• Inside the tombs there is an elaborate network of passages. The interior chambers contained the cremated remains of probably a select few, perhaps an upper class.
  • The tombs might have been the centres of the communities living around them.
  • Smaller tombs could have been burial grounds for large extended families.
  • The bigger ones might have been the centres of people organised into tribes.
  • The tombs may have marked territories belonging to certain people or tribes. And, they would likely have had ritual significance within this prehistoric cultures’ belief or religious system.

Read More Ireland's History of the Neolithic

Click here to read the first part of this article 'Ireland history- Neolithic Ireland Part 1'

Check out Carrowmore and Carrowkeel here. They are sister sites of Newgrange, lesser known but older, and located near Sligo in Ireland.

Read about the history of neolithic monuments here. Read about Newgrange Facts and Newgrange special features.

Art work on the ceiling at Newgrange tomb, County Meath, Ireland.

A piece of elaborate art work adorns the ceiling of the chamber at Newgrange. On the bottom left you can see where parts of it have broken off. In the past, the art work probably covered most of the ceiling.

Neolithic Religion

It is generally accepted that this prehistoric society was matriarchal, meaning devoted to the female.

Hills and valleys were special places were the Earth mother resided. In a lot of places where you see these tombs in Ireland, they are located on valleys and the tombs themselves often look like nipples with the hill being the breast.

It seems natural that early farmers would have had this close connection to the earth, seeing it as the great nurturer. In Gaelic tradition, the Earth Goddess survived as Aine, the smiling one.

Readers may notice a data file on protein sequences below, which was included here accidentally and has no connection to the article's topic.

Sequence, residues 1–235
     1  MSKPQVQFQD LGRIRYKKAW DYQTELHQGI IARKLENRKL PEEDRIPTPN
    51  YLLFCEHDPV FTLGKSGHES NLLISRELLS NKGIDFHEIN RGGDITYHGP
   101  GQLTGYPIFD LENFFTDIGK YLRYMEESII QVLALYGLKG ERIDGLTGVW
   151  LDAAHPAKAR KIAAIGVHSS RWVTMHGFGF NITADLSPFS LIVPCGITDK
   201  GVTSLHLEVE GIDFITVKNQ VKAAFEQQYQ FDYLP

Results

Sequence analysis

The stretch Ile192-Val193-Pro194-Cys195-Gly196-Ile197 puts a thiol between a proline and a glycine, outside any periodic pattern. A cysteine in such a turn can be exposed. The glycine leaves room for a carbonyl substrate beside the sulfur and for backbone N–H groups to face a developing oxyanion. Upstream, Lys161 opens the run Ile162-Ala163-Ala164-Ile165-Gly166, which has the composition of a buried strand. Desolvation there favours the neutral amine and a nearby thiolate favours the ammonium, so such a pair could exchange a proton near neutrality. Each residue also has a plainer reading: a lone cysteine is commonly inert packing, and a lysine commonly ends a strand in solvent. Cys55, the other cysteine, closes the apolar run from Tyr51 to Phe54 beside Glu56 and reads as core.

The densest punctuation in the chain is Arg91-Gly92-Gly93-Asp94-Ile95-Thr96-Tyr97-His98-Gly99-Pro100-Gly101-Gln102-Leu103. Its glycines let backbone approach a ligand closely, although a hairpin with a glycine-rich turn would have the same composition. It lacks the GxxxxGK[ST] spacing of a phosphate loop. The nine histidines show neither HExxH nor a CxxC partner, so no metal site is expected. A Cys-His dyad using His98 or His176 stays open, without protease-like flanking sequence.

The Earth Goddess was not only the giver of life though. She brought death, too, and in their traditions she received her children in death, namely in the womblike tombs built in her honour.

What About The Art Work Found In And Around The Tombs?

  • All the tombs have slabs of rock displaying some very pretty carved patterns. The use of patterns differs from tomb to tomb. Frequent patterns are spirals and circles and wavelike lines.
  • There are also some rectilinear patterns, dots and hollows. Some archaeologists believe the sun is represented in the art work as a hollow surrounded by radiating circles.
  • Some people speculate that the radiating circles in the art work might represent maps of other, surrounding tombs.
  • The triskel spirals on the entrance rock at Newgrange in particular have become a very popular symbol in Irish culture directly taken from this part of Ireland history.
  • Some New Agers believe they represent the radiating energy of the earth. In truth, we don't know what they stand for.
  • But some archaeologists do believe that the stone slabs are more than pretty art work, that they are suffused with meaning. The patterns may have been the Neolithic equivalent of hieroglyphs. Only that we may never be able to decode this lost language.